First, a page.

“If you’re on the go — and everybody’s on the go at some point — we want to be there [with the app],” Hahn said. “People can take us with them — and take the rich expressions of their faith, prayers and all that — all on their cell phone.”
He added that EWTN is releasing an app called “Daily Lenten Reflections With Cardinal Timothy M. Dolan,” in which New York’s archbishop offers inspiring thoughts for Lent.
There are other apps to help Catholics stay in touch with Scripture, too.
Sister Anne said Father Robert Barron’s “Word on Fire” app is an exceptional resource during Lent. She also pointed out that Logos software has a Catholic division called Verbum. Their app has a daily lectionary, but also thoughts from the saints, with a daily Lenten reflection that was put together in collaboration with the Daughters of St. Paul.
What about other devotions during Lent? Catholics who want to pray the Stations of the Cross devotional can check out the Daughters of St. Paul’s “Stations of the Cross” app. Sister Anne explained the app has two different visuals for users to choose from, one traditional and a more modern version called “Stations of the Cross: The Master Beckons,” which focuses on the face of Christ.
“For prayer, I find it really helps to be listening to something, and this is the sort of thing that helps me to pray,” she said.
Apps for Lent — and All Seasons
As Catholics investigate apps during Lent, they should also realize that apps not specific to Lent are valuable, too.
“The same apps that are good for Ordinary Time are good for Lent and Easter,” said Jesuit Father James Martin, author of the new book Jesus: A Pilgrimage and former America magazine editor. Father Martin said he chiefly uses an app that downloads the daily readings from the U.S. Conference of Catholic Bishops’ site. “Nothing so grounds you as the Lenten readings.”
Father Martin added that people wanting to experience “Ignatian contemplation and meditation” should take advantage of Lent as their opportunity to start that journey through the Jesuits’ new “Moved to Greater Love” app.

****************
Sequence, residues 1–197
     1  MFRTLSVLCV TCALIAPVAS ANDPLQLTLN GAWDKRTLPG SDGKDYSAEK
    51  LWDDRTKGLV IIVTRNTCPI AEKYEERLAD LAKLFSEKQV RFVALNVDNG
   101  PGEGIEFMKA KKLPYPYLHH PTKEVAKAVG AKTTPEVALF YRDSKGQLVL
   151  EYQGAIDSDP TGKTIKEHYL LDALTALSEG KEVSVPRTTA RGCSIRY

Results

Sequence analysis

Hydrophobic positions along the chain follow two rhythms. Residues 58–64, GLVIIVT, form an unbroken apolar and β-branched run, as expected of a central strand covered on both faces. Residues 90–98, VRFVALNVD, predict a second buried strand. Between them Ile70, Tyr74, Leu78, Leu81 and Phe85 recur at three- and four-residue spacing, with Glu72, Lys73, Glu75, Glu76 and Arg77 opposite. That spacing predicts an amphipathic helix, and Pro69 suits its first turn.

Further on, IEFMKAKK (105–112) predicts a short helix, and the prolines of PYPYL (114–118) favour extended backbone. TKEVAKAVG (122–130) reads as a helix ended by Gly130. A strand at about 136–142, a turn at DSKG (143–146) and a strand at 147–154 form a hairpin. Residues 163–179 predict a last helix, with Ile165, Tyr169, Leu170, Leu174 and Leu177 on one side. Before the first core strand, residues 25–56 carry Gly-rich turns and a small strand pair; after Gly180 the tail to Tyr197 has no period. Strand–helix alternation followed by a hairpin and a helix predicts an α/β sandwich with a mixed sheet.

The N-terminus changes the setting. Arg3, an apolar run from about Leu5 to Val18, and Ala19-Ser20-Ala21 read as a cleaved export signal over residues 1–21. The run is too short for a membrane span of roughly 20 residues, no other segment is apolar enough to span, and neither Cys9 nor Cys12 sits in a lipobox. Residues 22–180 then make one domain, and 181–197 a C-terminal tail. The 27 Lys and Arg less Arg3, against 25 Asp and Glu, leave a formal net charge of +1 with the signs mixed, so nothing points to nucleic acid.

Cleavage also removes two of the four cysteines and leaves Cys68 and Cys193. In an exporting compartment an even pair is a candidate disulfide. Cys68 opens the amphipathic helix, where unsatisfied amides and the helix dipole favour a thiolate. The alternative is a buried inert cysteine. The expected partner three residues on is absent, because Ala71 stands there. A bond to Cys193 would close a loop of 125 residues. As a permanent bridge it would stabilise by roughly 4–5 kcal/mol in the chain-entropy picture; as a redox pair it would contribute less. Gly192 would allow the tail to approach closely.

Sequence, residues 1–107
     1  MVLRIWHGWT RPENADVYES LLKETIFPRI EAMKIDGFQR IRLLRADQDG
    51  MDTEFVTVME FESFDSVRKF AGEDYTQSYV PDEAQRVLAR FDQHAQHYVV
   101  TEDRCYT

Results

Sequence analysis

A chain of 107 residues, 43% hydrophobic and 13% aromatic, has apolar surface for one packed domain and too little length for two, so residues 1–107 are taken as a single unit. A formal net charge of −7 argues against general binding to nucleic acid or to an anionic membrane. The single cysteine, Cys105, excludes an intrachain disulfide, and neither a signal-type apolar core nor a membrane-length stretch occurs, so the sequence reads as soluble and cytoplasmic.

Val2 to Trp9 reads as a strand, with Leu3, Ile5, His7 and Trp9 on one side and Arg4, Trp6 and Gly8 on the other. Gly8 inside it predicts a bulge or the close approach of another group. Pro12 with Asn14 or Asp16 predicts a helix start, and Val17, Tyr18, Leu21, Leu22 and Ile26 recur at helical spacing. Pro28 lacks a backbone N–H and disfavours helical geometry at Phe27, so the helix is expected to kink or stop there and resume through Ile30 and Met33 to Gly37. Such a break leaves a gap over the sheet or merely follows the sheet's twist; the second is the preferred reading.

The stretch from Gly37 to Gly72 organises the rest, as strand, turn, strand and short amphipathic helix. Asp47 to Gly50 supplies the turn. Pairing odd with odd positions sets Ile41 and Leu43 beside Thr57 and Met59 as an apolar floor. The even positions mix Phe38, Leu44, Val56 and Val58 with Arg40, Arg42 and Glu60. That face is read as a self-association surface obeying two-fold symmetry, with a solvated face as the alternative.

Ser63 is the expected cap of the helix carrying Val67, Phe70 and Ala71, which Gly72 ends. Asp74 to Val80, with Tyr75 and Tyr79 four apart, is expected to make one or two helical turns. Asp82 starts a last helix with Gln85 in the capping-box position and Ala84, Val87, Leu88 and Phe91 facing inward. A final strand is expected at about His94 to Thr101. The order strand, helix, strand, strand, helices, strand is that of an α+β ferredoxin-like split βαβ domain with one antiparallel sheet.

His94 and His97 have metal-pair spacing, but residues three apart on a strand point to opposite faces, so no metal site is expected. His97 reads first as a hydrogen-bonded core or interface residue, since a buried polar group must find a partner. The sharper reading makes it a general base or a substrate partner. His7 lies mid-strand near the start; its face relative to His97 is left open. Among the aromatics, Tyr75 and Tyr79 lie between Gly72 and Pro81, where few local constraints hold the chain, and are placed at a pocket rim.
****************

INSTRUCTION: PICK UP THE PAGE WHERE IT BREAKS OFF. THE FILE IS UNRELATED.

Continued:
“[It’s] an invitation to Ignatian contemplation and meditation for nine whole weeks,” he said, “all the way through the entire Easter season.”
He also suggested the “Pray as You Go” and “Sacred Space” apps, which offer invitations to pray.
Sister Anne also pointed out that the faithful can draw closer to the Holy Father in Rome during the Lenten period by taking advantage of such apps as “The Pope App.” People can receive Pope Francis’ Twitter messages during Lent, see live feeds from the Vatican and keep up with official Vatican news.
She said that many of these apps also provide people with opportunities to evangelize by sharing what they’re doing on their social-media sites, such as Facebook and Twitter.
Ultimately, taking advantage of apps in Lent, said Sister Anne, is an opportunity to gain experience with these spiritual resources that can be used all year.
“It should be a normal part of life,” she said. “These new technologies are not a separate part of our life. They’re part of our normal life, so you’d use these apps just as you’d use any other available tool — with moderation, of course.”
Peter Jesserer Smith is a Register staff writer.